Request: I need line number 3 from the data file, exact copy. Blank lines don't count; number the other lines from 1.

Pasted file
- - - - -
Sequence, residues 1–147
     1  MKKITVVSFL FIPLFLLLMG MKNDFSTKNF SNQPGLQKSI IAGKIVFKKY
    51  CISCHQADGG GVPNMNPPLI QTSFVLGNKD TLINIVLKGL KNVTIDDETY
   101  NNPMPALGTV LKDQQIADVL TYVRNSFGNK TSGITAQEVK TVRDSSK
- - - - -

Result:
    51  CISCHQADGG GVPNMNPPLI QTSFVLGNKD TLINIVLKGL KNVTIDDETY